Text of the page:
Day broke, and this very afternoon I took the now solidified mass from the refrigerator. This was it. My last chance to avoid whatever hellish abuses this disturbingly orange substance had planned for me. But no…it was far too late to turn back now. I took up my spoon, and devoured every last bit of happy orange jiggliness.

This was approximately seven hours ago. In the intervening time, I have experienced the following symptoms: Occasional thirst, mild generalized anxiety about the near future, hunger, and an urge to write this blog post in a hyperbolic language more suited to an H.P. Lovecraft story than a scientific report. In other words…I appear to have been entirely unaffected, despite consuming an entire box of expired gelatin.

I’ve been taught that when hypothesis-testing, one considers the “null hypothesis”. That is, the hypothesis that would falsify the one that I’m starting with. In this case, it would be something to the effect of “I will suffer no harm whatsoever from eating expired JellO®”. Given the results in this experiment I must – in the tortured language of philosophical science – “fail to reject the null hypothesis”, because my results show no evidence whatsoever that I have suffered harm from eating expired gelatin. In other words, I cannot rationally cling to my original hypothesis as written, and must confess that perhaps expired instant gelatin still in intact packaging may, in fact, be harmless.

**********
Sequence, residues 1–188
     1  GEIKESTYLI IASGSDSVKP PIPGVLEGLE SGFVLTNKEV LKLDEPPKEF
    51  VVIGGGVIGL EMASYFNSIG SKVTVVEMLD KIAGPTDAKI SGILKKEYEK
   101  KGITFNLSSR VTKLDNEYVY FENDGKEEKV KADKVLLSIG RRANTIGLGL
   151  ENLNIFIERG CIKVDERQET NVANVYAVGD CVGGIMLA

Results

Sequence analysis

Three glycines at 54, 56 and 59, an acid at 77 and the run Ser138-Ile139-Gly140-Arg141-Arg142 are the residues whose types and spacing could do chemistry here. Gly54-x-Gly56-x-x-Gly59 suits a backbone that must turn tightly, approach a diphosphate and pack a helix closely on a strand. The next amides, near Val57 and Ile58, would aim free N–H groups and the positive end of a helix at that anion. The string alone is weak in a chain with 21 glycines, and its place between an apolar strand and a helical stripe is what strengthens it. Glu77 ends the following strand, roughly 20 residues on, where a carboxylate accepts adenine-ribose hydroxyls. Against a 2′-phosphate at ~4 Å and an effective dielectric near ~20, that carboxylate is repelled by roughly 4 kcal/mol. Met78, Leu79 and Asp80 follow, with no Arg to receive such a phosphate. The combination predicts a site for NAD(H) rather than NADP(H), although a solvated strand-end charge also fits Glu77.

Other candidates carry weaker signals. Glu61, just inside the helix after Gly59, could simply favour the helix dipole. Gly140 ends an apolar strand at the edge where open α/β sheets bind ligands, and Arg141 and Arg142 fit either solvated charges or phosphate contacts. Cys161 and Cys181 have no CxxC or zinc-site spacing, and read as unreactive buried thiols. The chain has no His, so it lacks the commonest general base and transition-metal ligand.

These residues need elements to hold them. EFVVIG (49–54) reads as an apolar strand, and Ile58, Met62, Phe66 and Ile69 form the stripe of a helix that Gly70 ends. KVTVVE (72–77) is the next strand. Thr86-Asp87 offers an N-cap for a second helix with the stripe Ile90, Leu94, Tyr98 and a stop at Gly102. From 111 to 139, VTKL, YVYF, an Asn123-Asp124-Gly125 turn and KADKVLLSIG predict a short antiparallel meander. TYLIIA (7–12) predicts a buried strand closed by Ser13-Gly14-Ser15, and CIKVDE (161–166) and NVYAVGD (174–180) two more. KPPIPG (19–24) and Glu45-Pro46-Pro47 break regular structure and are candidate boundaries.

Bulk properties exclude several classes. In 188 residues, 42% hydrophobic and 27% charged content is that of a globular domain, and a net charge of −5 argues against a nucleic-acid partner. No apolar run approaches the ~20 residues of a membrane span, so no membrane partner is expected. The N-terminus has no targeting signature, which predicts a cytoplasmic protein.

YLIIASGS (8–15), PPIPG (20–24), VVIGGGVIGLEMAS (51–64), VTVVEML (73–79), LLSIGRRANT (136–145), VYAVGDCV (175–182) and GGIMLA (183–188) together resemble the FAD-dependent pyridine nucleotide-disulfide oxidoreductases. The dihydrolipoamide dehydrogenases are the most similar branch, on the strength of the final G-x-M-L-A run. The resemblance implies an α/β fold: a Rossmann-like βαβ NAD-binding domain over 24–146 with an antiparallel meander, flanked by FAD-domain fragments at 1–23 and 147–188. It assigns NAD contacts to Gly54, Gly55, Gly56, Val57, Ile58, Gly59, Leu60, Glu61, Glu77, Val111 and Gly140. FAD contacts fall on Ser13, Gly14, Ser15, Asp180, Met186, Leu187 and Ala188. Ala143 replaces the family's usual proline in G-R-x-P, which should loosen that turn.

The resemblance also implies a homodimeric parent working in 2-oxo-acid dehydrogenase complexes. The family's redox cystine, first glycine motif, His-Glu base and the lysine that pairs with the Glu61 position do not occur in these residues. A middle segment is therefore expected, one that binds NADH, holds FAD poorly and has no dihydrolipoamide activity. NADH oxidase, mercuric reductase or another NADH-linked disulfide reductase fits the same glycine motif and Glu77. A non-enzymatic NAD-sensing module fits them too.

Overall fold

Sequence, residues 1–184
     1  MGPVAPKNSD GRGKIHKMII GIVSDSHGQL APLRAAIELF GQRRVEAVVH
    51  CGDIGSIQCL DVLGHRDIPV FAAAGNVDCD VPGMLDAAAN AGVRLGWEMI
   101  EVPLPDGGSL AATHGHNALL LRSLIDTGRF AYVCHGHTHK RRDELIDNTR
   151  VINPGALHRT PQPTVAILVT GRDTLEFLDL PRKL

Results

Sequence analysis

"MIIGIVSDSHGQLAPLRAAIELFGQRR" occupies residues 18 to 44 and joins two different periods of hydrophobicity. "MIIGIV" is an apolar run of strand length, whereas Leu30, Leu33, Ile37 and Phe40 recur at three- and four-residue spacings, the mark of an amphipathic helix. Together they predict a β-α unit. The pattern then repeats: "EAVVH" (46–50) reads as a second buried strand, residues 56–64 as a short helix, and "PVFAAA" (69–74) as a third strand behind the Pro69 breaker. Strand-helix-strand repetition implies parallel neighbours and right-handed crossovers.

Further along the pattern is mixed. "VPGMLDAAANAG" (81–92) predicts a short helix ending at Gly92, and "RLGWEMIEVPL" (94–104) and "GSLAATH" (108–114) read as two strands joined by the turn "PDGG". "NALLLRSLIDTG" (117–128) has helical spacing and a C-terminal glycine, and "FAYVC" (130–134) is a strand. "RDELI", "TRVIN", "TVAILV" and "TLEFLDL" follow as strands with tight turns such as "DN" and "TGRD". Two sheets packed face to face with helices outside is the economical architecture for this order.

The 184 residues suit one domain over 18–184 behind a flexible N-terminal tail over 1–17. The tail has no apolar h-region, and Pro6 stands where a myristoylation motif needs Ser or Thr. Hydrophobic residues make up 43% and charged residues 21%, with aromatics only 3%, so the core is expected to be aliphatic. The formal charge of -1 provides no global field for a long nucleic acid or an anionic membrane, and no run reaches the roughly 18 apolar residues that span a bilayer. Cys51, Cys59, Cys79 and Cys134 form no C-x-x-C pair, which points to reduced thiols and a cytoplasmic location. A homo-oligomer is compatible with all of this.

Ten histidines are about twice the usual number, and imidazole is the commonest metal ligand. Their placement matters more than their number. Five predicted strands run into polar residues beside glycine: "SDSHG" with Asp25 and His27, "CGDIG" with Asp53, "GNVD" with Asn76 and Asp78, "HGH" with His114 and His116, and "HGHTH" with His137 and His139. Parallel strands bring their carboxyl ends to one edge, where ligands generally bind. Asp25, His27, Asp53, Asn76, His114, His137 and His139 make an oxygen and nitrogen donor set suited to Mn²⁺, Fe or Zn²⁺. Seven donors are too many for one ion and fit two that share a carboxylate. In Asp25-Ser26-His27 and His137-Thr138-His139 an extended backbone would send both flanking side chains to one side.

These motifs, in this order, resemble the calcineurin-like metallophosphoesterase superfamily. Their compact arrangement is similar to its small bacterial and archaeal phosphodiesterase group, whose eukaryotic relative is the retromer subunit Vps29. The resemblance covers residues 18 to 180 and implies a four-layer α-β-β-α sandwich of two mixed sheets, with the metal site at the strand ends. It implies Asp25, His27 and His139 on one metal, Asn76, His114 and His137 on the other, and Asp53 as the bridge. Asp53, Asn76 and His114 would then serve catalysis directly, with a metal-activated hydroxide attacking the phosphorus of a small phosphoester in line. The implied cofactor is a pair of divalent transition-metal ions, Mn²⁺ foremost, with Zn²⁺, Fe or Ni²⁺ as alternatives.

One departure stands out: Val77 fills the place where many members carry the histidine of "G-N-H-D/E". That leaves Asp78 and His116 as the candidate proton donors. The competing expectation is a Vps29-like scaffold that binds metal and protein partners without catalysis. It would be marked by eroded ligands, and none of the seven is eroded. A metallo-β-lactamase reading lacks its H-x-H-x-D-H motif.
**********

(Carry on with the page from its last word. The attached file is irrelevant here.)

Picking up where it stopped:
Ah, but I know what happens now. “Cad!”, you cry! “Fraud! Sham! This experiment is, like, totally bogus! This is not normal JellO® but a sugar-free impostor! And furthermore, this isn’t even JellO®-brand gelatin, but a cheap knock-off brand! How dare you, sir, feed us this crap, which proves nothing!”